Blog #7 Self Improvement or How to Make Mind-Blowing Images

August 17, 2015  •  Leave a Comment

Blog #7.  Self Improvement or How to Make Mind-Blowing Images 

In any photographer's life or in any creative career path there is a learning curve. The learning curve make be steep or flat and time is relative.  There will a learning curve that represents growth and improvement albeit to a point.  Inevitably, the artist will "hit the wall" and become bored or uninspired. What is the artist to do? Well, there are those who have had formal study in a subject and may have attained an undergraduate degree or a masters degree in fine arts. Those fortunate individuals will likely refer to and rely on their formal study to find their motivation and direction.  

If you are a hobbyist, amateur, or have come to photography later in life, but you are not a professional photographer (whatever that means) then you must turn to various resources to educate yourself and self manage your own learning process.  Photography is like anything else in that it requires formal study to know about it, know how to do it, and know how to do it well. If you want to learn dancing, you get dancing lessons.  If you want to learn how to cook, you work with a chef to show you around a kitchen.  If you want to learn Chinese, you find a language instructor and dig in.  You get the point.  

Reading books from the giants in the field and trolling the internet is a good start and you can begin that process immediately. There are literally dozens of instructional sites on YouTube and all over the place online. Here are a few that I have investigated with some degree of satisfaction:

B&H Photography in New York is a killer gear site but also hosts professional photographer tutorials that are brilliant

Adorama is also in New York

Digital Photography School has a free weekly newsletter and countless tutorials

Digital Review (Also has a YouTube Channel that is as entertaining as it is educational)

Then, after you've clicked and scrolled until your heart's content, go to the best place on earth to view the best photos by the best photographers.


Now that's a lot of reading and research. Follow these sites, read their newsletters, watch the videos, and pour over hundreds even thousands of high quality photographs. You will feel like you've earned a degree in photography at some point. The only problem is that you did not earn a degree in photography, did you? No, neither did I.  

I want to share a bit of my own journey to photography.  As I shared in Blog #1

I began my love affair with making pictures in high school with a hands on Black and White film course. I borrowed my father's 1959 Nikon F and felt like a proverbial pig in shit. It's such a nice tool to use and then you get to create images. It's nothing short of magic. Fast forward to a degree in psychology and then special education in graduate school where I took a sculpture class as an elective with one colleague. It was a summer course and it was in the basement of Main Hall in Teachers College, Columbia University. After an insanely intense year of full time work, full time courses, and full time everything, this class was seriously the most fun I had in graduate school, in the classroom.  Aside from my mother being an artist and interior designer for ever and having a father with a mechanical drawing and marketing background, I have had no formal instruction. I played with a few cameras over the years mostly taking snap shots of this and that, the wife, the house, and the kids.  Until one day the kids were fighting over the Nikon point and shoot and broke it beyond repair. My photography went very dark for a while after that. Black even.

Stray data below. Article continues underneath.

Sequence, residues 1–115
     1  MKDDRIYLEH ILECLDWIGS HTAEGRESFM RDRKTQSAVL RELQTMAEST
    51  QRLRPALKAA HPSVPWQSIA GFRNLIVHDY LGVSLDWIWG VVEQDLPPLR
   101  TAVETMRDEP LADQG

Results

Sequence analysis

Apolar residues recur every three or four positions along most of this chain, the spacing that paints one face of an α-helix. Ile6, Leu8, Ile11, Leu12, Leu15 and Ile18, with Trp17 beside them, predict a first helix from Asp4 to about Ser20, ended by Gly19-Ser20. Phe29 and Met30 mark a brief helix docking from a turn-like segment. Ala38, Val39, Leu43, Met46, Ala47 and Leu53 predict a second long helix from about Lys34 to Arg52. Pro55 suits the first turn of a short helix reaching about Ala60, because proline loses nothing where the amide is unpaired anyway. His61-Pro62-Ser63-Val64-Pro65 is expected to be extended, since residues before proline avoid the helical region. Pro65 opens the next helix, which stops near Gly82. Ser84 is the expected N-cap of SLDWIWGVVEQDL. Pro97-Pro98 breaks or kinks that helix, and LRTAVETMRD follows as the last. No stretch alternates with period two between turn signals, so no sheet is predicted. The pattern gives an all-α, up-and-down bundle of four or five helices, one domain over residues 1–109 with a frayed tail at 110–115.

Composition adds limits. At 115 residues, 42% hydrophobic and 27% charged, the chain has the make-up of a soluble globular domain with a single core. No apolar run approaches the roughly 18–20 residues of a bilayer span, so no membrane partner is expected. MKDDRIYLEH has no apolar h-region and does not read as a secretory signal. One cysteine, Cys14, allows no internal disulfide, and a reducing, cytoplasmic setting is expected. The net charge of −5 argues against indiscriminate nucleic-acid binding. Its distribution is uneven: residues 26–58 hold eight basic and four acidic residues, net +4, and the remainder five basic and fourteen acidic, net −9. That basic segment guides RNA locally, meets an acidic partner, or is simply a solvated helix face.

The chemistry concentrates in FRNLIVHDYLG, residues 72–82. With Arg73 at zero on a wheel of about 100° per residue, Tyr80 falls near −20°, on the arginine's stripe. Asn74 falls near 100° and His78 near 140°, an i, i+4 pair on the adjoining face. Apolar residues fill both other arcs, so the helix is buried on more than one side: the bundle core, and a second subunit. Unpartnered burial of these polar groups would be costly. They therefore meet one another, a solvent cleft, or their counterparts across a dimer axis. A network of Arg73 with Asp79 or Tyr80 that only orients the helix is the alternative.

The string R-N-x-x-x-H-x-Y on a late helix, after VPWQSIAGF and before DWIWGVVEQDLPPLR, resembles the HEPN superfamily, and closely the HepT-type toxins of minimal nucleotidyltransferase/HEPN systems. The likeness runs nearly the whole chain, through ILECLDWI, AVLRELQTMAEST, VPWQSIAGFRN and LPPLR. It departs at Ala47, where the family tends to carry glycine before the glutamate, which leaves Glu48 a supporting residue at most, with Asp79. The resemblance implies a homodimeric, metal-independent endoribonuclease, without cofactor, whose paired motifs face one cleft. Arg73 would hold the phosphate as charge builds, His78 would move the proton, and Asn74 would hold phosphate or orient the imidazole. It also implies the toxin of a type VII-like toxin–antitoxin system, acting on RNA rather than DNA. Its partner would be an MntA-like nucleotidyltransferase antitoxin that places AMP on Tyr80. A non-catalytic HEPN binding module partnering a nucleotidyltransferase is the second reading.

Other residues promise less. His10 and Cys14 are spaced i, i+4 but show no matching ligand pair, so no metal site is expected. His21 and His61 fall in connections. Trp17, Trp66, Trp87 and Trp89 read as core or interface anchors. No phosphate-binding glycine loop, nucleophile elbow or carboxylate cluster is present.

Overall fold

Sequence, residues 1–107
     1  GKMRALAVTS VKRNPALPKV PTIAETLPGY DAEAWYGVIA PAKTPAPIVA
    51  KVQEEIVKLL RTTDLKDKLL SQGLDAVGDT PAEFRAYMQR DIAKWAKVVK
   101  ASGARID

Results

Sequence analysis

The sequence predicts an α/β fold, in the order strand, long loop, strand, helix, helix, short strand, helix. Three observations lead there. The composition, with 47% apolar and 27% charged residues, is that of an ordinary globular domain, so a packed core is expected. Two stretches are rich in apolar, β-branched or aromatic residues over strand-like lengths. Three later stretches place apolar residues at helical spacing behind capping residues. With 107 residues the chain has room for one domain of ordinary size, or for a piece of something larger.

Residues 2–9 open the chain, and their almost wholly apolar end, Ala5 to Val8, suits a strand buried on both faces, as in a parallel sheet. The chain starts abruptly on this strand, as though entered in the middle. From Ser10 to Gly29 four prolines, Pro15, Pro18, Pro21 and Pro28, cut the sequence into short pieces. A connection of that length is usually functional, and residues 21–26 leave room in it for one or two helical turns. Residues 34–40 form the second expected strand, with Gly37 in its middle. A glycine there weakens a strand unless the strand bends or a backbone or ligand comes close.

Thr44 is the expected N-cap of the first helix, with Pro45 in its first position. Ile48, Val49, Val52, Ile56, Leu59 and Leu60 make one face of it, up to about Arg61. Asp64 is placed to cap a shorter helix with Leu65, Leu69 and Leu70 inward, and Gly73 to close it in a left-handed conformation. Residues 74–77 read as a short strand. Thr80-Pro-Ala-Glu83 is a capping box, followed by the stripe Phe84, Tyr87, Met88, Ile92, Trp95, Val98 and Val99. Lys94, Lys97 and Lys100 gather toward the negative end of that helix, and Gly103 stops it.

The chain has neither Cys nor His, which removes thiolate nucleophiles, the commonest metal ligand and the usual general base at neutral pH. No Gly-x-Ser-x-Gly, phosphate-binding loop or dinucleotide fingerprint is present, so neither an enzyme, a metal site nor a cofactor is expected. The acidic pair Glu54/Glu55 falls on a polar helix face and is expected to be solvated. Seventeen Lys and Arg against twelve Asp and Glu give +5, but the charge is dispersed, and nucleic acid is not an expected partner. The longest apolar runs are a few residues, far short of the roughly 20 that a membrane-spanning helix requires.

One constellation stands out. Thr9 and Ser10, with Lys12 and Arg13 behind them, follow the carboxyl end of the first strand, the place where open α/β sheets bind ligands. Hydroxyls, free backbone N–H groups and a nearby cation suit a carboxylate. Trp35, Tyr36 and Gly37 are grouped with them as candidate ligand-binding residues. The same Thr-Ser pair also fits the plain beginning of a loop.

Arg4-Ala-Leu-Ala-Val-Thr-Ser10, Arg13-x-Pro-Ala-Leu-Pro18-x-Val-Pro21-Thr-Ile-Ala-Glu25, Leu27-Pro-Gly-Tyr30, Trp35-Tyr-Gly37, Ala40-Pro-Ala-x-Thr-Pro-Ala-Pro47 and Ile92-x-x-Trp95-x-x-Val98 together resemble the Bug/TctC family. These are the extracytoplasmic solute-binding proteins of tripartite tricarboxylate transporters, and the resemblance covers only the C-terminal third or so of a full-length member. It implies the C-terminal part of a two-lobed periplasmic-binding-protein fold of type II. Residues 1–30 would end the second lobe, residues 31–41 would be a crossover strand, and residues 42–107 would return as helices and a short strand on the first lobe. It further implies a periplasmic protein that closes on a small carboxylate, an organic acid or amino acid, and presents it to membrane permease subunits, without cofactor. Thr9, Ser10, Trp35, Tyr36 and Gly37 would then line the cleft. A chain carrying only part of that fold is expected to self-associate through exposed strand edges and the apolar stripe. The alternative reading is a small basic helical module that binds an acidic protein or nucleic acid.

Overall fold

Fast forward many years and an impending trip to Japan. I had to but a camera for that and teach myself how to use it.  I bought a Nikon DLSR and there rest is history, as they say. I think I've done some good work in the last few years but I want to be better. Scratch that, I want to make images that keep's your  attention longer than it takes to type a 140 character tweet. Yes, that's the goal in my (photography) life.  I've decided to get serious about my work.  I mean play, serious about my play.  Serious play is one of my new favorite oxymorons!  

I went on a tour to Hong Kong's newest art school SCAD (Savannah College of Art & Design, USA). Their campus was absolutely beautiful.  The photo below was in one of their photography studio classrooms. It had computers, scanners, and printers that were the size of a small Volkswagen.  They have a HUGE darkroom and all the gear you would ever need to processing film. Film! The intoxicating aromas of developer and fixer chemicals from my beloved high school class began to come back like that scene from Pixar's ​Ratatouille when the food critic takes a bite of the dish that makes him flashback to his childhood in the French countryside. I was hooked. Ay! to be a student again but without having to write a paper or take a quiz every week. Like heaven.  

After the tour, I quickly arrived home and applied online. I will try to take one class as a non-degree student. One at a time, and maybe (eventually) I may enrol in a degree program, masters I think.  I have no idea if I would even be accepted.  I'm going for it. 

Wish me luck.

May the light be with you, always. 


SCADSCAD Hong KongFujiFilm X-T1






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